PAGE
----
We have many cultures and many skin tones and we do not fit into the ideologies of the extreme right and the radical left, both of whom insist that identities must be neatly classified and ranked.

This refusal to acknowledge the diversity of the Jewish people almost always leads to antisemitism. If we are fakes it is easier to paint us with the ancient libels, especially those that are baked into dominant cultures.

Characterising today’s Jews as white European interlopers is the latest incarnation of the trope of the fake Jew. Denying the relationship between today’s Jews and the ancient Biblical people who are our ancestors is a strategy to brand Israel as a settler-colonial project that has displaced the indigenous population: the Palestinians.

Science shows that the Jewish people did indeed come from the Levant. Genetic studies show white-passing Ashkenazi Levis have genes not present in the host population, suggesting continuous pre-Diaspora lineage. There is plentiful archaeological evidence showing that the Jews lived in Israel, the obvious example being the Western Wall, the remnant of the Second Temple.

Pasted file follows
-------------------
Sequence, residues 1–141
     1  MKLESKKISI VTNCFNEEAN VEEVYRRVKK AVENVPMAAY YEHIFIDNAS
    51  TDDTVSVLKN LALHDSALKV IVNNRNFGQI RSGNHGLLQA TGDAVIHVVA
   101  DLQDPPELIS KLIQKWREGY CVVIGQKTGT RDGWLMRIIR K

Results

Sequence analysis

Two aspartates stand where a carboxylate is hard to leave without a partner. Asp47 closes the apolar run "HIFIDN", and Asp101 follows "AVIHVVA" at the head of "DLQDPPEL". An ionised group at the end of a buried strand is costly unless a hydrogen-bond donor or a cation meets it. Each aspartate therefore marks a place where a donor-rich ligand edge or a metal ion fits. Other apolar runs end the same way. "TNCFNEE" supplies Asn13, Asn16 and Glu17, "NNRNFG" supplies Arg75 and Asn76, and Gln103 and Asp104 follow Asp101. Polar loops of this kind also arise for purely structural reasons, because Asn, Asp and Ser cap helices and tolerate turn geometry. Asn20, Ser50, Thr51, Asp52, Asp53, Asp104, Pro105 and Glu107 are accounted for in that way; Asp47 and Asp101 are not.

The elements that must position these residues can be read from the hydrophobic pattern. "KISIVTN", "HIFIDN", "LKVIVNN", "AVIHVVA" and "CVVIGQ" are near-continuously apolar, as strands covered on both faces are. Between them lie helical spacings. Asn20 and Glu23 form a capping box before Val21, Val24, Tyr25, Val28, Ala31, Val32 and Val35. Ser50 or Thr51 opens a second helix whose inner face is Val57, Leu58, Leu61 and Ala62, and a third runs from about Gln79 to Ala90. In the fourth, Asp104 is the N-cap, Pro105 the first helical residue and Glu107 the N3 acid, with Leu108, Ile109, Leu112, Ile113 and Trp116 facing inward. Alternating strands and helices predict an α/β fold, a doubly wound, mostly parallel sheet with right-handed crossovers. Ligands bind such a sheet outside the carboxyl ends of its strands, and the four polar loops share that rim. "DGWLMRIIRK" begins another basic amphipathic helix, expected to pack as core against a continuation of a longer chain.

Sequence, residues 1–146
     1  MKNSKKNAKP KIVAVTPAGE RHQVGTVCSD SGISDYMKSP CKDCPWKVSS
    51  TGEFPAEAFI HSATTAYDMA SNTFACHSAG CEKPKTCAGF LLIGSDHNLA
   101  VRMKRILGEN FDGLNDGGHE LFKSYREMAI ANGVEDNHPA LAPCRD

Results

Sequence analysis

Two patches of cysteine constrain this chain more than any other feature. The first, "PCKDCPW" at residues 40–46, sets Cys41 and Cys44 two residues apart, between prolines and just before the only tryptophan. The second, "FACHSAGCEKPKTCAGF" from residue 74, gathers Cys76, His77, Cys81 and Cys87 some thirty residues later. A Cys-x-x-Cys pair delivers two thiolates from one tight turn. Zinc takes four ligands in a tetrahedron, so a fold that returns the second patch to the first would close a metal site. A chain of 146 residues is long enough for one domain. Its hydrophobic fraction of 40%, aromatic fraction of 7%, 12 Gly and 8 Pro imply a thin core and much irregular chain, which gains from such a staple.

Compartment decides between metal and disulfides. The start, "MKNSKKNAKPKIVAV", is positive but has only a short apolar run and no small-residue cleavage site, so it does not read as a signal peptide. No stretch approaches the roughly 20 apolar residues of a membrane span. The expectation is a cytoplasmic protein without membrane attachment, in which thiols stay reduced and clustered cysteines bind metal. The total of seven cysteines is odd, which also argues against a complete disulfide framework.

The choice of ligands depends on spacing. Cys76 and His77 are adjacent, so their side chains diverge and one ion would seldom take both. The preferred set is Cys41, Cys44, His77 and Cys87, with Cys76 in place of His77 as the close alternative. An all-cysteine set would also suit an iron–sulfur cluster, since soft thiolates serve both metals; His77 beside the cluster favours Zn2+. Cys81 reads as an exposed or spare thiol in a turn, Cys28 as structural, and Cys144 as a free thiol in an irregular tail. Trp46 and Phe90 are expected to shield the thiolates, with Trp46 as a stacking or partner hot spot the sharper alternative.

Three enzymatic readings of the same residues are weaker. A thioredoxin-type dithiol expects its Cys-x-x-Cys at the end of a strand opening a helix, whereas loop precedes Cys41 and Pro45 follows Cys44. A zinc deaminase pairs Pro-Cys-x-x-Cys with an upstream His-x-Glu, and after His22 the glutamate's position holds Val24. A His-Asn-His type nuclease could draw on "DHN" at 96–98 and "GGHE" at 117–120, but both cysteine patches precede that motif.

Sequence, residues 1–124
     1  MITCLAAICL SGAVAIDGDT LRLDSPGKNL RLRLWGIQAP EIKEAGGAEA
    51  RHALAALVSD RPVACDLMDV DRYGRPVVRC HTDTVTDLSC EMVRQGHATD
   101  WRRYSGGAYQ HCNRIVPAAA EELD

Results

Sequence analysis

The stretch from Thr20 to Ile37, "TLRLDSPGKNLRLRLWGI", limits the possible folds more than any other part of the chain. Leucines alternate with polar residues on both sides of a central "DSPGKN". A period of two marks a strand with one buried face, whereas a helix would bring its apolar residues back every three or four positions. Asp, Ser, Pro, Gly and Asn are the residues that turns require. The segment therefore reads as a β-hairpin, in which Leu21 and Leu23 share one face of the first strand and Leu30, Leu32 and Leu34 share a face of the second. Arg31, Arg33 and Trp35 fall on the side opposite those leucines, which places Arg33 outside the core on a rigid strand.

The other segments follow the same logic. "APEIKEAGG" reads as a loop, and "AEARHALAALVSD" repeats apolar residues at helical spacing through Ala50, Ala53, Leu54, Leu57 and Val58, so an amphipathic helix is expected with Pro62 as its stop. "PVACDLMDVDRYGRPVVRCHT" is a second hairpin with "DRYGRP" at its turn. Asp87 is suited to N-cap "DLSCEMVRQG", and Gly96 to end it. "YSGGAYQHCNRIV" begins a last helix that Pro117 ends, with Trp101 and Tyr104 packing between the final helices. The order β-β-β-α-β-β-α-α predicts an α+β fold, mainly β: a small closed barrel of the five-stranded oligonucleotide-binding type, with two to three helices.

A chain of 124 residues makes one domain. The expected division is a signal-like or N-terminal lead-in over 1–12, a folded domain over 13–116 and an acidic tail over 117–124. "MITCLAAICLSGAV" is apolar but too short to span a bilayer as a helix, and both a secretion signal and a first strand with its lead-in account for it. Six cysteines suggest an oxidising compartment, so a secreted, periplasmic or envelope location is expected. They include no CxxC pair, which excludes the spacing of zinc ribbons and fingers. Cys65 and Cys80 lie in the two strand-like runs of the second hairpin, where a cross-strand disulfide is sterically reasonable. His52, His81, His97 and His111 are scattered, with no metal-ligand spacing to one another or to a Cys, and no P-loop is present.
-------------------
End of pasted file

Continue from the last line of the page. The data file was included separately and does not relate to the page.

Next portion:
Unable to refute this evidence, those who want Jews cleansed from the Middle East sometimes resort to denying that we are Jews.

An irony of this argument is that it positions Israel as the apogee of white supremacist thought while white supremacists hate Jews because they believe we are outsiders pretending to be white.

Those who claim that today’s Palestinians are not a people, are indulging in the same erasure.

In the West, Jews have made an effort to pass as white, for the obvious social benefits. I lived in apartheid South Africa as a child and I never questioned my white status when I was growing up—even though I am dark-skinned enough to have had my appearance compared to the 9/11 hijackers.

Are Jews white? We are Jews; we do not fit the paradigm. The lens of today’s racial politics does not show all of our dimensions.

A further confusion arises from the term antisemitism, coined by a Jew-hater and based on the linguistic category that encompasses Hebrew and Arabic. Accused of antisemitism after claiming Jews control the US government, Hollywood and Wall Street Lebanese-American journalist Helen Thomas claimed that she could not be an antisemite because she is a “Semite”—and that most Jews are not. In 2010 these inversions brought an ignoble end to Thomas’s long and distinguished career. Today, they are repeated by media personalities and shouted at protests.